Chinese regulators launch Microsoft anti-trust probe

Out-Law News | 05 Aug 2014 | 9:59 am | 1 min. read

Chinese regulators have said an anti-trust investigation they have launched into Microsoft should not be obstructed “in any way”, the country’s state run Xinhua news agency has reported.

According to Xinhua, China’s State Administration for Industry and Commerce (SAIC) has launched the probe into Microsoft China Company Ltd and three of its branches in Shanghai, Guangzhou and Chengdu.

Xinhua said the SAIC seized documents, emails and other data from computers and servers in raids on Microsoft offices in China, but the SAIC had been unable to complete its investigation because “key Microsoft personnel were not in China or could not be reached”.

The SAIC has been investigating complaints that Microsoft “used tie-in sales and verification codes in its Windows operating system and Microsoft Office software suite, practices that may have breached China's anti-monopoly law”, Xinhua said.

Microsoft is “suspected of not fully disclosing information of its Windows operating system and Microsoft Office application, causing incompatibility problems”, Xinhua said. “According to Chinese law, incompatibility without advance warning to customers could be regarded (as) anti-competitive.”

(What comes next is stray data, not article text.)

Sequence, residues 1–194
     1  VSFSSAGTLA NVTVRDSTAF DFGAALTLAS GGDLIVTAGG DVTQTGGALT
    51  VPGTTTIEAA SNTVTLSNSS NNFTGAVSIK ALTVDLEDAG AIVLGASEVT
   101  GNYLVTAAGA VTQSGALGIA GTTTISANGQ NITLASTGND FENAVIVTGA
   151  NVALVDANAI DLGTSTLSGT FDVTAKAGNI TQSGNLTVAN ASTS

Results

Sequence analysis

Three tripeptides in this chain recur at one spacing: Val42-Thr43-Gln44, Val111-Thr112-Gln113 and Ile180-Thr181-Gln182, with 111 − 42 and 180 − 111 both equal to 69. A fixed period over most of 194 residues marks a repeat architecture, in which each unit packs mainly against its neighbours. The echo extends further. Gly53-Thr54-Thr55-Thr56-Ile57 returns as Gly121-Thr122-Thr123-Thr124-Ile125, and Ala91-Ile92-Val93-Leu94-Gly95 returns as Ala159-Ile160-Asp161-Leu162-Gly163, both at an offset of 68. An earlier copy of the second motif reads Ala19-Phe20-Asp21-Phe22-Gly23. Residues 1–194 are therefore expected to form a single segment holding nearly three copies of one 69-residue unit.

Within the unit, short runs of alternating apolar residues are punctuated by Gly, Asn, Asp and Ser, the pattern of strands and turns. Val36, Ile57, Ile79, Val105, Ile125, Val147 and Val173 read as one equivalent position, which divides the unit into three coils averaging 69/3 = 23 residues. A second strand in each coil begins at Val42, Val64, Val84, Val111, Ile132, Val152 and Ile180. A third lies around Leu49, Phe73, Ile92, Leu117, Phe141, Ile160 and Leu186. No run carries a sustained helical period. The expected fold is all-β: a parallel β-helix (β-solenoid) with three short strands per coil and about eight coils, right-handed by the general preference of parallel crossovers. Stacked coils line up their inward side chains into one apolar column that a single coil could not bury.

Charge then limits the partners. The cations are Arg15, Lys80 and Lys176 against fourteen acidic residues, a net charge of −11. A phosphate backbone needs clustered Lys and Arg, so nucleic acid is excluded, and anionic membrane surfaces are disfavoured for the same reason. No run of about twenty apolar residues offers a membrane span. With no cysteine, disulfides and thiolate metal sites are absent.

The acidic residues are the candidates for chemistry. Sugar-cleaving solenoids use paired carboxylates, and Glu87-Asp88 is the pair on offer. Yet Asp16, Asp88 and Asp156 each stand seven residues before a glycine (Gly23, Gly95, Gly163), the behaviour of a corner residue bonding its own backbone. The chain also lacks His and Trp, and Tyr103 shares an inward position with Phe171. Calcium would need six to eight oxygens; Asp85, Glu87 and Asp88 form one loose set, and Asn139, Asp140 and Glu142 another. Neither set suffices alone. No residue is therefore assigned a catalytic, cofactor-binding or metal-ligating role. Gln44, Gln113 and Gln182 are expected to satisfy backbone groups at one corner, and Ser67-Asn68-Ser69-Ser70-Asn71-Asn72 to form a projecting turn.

However, Microsoft in China told Xinhua that it has always abided by laws and regulations in the country and would "actively answer" any questions from the SAIC.

China’s anti-monopoly law took effect in August 2008. According to the China Research Center (CRC), the legislation was the first comprehensive anti-trust law in the history of the People’s Republic of China.

The CRC said: “While the law is a major step in establishing a system of commercial law consistent with international norms, the text and the system that will interpret and apply it raise serious concerns about whether the law will, in practice, be used primarily to protect competition and consumer welfare in China, or whether it will be used as a protectionist device to favour state-owned enterprises and privatised indigenous companies in Chinese markets.”